Growing up I always felt very different from everyone else I encountered. I felt like an alien from another planet and although I could befriend anyone from a dork to a cheerleader to a doorknob, I felt a world away from them all.
I recall walking down the hallway my sophomore year in high school thinking; how can I look like all these girls, when I am so very different. I felt it was necessary for me to physically reflect my internal differences on the outside. At this point in my life I was going through extreme growth of the spirit and mind. I was beginning to evolve into a more conscious human being living in a more conscious state of mind.
During this process of evolution, I was given a terrible haircut that made me cry like a baby lamb. I remember looking in the mirror thinking, man you're ugly when you cry, and you are crying over something ridiculous like hair. At this point, I decided to rid myself of the vanity I was carrying in my long silky hair, in this image of beauty that i was interpreting as truth. Always having loved dreadlocks and what they represented, I decided I would strip away the societal view of beauty I was embodying, and knot my hair up. Considering the spiritual growth I was going thru at the time, it only seemed appropriate to create these roots coming out of my head connecting me to something bigger, something more divine, something spiritual that I was lacking in my being, yet searching intently for.
I waited until my parents went to Jamaica for their anniversary to begin my transformation. My good friend Logan and I spent an entire day locking my hair up. I looked like a cave woman, but I was so happy to be free of normalcy. When I went home that night, my parents had just arrived back home with a gift from the island: a fake dreadlock hat. To their surprise, I walked in the door with the real deal... I always loved shocking people.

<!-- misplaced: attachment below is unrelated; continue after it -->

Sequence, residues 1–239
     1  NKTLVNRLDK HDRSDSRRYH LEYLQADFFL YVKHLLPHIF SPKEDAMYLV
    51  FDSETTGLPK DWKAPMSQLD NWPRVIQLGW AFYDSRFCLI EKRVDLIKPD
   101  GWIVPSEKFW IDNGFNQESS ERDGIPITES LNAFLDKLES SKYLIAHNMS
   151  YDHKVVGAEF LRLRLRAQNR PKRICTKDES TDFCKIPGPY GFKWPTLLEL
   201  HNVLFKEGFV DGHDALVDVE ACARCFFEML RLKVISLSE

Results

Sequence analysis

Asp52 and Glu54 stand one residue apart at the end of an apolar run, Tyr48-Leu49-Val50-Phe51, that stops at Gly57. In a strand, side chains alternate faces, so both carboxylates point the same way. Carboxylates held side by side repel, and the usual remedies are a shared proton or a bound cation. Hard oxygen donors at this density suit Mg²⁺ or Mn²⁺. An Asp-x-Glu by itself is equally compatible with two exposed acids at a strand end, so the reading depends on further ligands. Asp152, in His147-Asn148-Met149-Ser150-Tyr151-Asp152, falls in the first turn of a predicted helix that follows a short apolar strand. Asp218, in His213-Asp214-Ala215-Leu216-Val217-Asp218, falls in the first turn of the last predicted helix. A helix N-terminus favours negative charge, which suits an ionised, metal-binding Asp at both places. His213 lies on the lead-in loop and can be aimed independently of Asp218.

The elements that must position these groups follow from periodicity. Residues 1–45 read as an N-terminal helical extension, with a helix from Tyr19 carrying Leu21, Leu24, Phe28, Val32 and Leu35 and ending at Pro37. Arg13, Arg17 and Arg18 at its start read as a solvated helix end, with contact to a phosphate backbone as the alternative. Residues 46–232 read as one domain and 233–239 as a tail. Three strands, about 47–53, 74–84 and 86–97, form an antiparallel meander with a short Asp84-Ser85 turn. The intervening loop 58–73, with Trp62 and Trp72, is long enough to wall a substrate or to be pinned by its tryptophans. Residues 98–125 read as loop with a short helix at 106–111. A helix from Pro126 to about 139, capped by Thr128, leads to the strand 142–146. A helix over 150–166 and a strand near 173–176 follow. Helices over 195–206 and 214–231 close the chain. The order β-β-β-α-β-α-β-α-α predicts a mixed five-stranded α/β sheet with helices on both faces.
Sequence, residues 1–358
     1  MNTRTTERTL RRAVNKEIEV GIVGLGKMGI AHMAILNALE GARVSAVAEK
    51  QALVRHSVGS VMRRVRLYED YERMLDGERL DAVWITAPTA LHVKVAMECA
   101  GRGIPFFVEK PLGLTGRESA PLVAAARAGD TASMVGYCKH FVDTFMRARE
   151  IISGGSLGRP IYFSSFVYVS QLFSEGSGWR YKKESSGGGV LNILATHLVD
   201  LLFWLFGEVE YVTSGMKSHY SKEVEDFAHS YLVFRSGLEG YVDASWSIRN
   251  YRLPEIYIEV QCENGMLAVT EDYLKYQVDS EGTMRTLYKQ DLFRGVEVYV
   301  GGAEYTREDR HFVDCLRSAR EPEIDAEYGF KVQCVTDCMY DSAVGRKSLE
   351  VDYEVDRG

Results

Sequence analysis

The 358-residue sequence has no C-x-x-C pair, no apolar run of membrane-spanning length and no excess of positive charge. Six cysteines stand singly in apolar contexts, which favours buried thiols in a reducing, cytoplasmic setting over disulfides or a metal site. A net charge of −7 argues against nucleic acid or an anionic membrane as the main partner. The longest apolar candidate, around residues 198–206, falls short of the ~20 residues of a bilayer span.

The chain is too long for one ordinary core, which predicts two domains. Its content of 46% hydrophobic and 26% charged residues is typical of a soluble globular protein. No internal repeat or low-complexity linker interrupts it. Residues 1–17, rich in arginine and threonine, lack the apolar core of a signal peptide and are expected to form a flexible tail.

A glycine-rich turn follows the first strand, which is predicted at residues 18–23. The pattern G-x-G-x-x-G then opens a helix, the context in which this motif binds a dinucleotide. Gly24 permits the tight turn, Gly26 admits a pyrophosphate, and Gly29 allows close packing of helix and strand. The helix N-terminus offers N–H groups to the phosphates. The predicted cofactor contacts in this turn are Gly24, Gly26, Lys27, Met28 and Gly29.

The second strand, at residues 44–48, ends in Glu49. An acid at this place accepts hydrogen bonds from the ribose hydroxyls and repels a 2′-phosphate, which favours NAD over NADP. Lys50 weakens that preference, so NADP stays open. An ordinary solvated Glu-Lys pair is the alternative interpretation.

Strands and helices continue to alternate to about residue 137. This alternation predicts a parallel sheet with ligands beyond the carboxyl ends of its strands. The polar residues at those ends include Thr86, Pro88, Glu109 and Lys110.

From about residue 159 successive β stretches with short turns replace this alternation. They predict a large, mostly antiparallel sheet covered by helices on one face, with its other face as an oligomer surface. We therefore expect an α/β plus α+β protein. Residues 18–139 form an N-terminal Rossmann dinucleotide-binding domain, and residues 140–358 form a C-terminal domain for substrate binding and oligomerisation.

The year was 2002. This was the year I created dreadlocks, shed this certain form of vanity, tried psychedelics for the first time, became an everyday pot smoker, began practicing yoga and studying sacred geometry, became introduced to the conscious art of Alex Grey, and felt an over all shift in my entire being, a shift from semi-conscious to fully awake.
I knew having dreads would be a challenge, but being the fiercely independent young Aries woman I was, I chose not to care. I chose to embrace every judgement and responsibility that came with having dreadlocks, knowing it would make me stronger in the end.
My life changed radically. I went from being cast as leads in school plays, to not being cast at all. Over the ten years I had dreads, I was put in a certain category when people met me. I was consider a simple "hippie stoner" by people who did not know the depths of my mind. I was denied dozens upon dozens of jobs because of my hair. My boyfriends' parents never liked me because of the preconceived ideas that came with having dreadlocks. And in the later years, I lost out on a lot of acting work. At the same time, I attracted some of the most amazing friends and like-minded people imaginable by blatantly representing an abstract lifestyle through my physical form. I got jobs that accepted alternative people and was able to connect to different people on a different plane entirely. People came to me to discuss philosophy and politics and art and human existence. Not to mention, I was swooped up by High Times for so clearly depicting the stoner girl next door they were looking for to represent the face of their magazine.